These are two rare sculptures made by Cartier in 1925 depicting the branches of a Japanese apple blossom. They are set in gold using stained ivory and enamel for the main branches and cabochon moostone in the flowers. The bases are made of agate.
They will be auctioned by Christie's Hong Kong on May 29th
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Notes from the Catalogue
"During the first decade of the twentieth century, Cartier created objects of vertu in the Russian style. Card cases, powder boxes, cigarette cases, and paper knives were just a few of the items, but perhaps the most fanciful were sculpted animals and flowers. According to Hans Nadelhoffer inCartier: Jewelers Extraordinary," ... in 1916 Vogue wrote of 'Cartier's dainty hothouses in which fairy-tale trees with gold and silver trunks sprout leave of jade.'" In some of the more inventive examples trunks were sculpted out of ivory as exemplified by these two apple blossom branch sculptures.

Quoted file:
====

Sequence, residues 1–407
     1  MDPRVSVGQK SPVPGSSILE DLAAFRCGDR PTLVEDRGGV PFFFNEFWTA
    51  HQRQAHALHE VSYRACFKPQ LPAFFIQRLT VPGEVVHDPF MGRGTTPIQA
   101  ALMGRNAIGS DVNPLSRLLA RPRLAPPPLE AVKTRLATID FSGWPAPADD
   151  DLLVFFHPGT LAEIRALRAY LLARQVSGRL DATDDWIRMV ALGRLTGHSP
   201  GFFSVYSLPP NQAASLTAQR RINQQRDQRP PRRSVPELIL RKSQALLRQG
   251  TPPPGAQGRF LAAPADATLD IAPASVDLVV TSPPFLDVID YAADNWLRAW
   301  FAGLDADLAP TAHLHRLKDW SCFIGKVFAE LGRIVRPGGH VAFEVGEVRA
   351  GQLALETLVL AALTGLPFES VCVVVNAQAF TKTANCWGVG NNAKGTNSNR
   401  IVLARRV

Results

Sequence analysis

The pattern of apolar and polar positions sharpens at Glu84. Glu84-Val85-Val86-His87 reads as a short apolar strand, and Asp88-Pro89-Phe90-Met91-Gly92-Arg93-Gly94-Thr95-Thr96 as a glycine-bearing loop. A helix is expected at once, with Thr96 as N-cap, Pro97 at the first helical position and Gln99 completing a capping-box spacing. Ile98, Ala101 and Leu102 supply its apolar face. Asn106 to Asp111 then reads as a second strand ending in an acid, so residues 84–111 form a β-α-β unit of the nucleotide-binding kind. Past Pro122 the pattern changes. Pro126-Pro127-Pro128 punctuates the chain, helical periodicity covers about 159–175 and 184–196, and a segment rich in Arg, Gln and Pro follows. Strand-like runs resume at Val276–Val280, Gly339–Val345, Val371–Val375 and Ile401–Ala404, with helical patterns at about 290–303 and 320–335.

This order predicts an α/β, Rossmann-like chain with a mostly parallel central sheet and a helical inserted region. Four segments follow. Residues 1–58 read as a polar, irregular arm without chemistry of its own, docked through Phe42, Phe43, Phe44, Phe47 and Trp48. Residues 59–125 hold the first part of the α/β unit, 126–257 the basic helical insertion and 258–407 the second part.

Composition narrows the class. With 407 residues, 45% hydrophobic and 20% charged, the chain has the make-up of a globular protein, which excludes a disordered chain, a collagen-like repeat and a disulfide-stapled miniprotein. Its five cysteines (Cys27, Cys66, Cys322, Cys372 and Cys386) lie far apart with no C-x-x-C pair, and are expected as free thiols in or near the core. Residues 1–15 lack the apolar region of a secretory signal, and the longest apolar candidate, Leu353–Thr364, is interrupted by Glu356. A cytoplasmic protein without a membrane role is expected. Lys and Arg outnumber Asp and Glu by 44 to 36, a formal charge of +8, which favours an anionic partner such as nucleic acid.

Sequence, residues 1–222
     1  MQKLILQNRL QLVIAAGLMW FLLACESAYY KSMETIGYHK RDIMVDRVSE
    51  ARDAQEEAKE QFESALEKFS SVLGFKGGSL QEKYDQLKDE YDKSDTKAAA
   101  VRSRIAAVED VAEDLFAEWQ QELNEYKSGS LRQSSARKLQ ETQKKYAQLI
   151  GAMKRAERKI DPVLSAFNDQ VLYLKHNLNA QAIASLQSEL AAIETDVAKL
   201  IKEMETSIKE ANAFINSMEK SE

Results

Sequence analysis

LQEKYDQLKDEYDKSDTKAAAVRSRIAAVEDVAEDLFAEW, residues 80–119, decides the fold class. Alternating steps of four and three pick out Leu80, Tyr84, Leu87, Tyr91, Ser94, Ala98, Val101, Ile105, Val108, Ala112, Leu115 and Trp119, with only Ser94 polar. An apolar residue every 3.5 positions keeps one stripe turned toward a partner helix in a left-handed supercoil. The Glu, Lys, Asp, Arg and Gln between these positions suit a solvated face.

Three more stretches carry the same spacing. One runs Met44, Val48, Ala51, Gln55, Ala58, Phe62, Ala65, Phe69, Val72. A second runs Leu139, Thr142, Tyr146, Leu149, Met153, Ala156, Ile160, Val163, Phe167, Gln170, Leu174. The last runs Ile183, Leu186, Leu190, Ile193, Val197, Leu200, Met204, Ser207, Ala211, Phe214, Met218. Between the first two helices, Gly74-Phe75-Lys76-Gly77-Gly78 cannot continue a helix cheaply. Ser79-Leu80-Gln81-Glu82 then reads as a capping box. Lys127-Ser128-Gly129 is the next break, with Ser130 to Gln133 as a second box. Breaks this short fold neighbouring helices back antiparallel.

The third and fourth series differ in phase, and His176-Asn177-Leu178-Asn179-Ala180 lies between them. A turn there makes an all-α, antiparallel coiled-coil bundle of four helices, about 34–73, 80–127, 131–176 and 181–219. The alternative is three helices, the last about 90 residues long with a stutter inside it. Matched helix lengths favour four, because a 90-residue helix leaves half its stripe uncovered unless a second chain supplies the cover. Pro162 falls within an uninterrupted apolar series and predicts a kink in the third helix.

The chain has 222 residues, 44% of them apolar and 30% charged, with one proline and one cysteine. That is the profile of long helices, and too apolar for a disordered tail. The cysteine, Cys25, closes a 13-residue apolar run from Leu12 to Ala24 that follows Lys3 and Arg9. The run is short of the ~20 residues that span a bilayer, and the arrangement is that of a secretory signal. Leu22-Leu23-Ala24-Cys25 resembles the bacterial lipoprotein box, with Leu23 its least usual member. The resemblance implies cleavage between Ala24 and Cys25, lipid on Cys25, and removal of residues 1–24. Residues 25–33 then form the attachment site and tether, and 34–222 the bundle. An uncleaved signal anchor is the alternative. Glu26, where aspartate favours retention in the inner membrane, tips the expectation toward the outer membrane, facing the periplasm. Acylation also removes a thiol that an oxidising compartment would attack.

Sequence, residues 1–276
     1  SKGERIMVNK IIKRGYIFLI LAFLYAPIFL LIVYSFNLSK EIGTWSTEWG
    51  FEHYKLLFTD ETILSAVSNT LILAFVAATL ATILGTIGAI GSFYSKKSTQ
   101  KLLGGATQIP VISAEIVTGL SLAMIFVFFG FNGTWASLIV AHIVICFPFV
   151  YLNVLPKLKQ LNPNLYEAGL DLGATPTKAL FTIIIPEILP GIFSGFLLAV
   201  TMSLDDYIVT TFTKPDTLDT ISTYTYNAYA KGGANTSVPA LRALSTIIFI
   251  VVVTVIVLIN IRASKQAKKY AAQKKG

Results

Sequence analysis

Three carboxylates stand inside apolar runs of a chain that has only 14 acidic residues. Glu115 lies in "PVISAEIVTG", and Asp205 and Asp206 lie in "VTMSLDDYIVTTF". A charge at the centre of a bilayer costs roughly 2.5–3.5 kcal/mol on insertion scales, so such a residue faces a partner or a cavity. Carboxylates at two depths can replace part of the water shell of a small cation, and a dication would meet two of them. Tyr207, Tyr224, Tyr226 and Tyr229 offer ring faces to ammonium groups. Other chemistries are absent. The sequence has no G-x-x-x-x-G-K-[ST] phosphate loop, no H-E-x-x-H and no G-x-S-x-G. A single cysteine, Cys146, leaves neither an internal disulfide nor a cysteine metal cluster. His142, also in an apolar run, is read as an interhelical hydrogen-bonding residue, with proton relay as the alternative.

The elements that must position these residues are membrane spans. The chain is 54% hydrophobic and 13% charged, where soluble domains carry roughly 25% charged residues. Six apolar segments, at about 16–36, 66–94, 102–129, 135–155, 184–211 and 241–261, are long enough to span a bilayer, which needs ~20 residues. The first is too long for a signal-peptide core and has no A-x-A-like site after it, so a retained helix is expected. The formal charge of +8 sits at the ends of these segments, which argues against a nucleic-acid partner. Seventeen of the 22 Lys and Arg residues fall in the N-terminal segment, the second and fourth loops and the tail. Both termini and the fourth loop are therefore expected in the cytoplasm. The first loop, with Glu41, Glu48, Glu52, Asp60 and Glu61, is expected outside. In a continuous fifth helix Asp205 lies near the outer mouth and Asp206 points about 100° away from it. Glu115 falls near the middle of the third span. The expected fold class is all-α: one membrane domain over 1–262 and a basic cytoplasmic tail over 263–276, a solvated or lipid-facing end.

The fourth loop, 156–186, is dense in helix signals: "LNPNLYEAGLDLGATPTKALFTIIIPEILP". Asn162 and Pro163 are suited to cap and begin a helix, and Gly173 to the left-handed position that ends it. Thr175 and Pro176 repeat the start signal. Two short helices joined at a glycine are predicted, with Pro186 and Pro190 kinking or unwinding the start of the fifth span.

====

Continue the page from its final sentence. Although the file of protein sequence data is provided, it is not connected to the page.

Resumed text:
The arrangement of each flower or plant in Cartier's naturalistic repertoire was influenced by the traditional Japanese art of flower arrangement, ikebana. Superb examples are the apple blossom branches that are each created with a stained ivory branch sprouting flowers. Also indebted to Japanese models were the individual calyxes detached from the plant and lying on the ground as seen on both arrangements where moonstones have fallen from the branch to the base as well as onto the floor of the case. Capturing the flower as it begins to fade illustrates the Japanese depiction of nature in its transitory state.
All of Cartier's flowers and trees were housed within glass cases that not only kept the piece free of dust but also positioned the sculpture as a work of art. This pair of apple blossom branch sculptures epitomises the ingenuity and superb workmanship of this venerable house."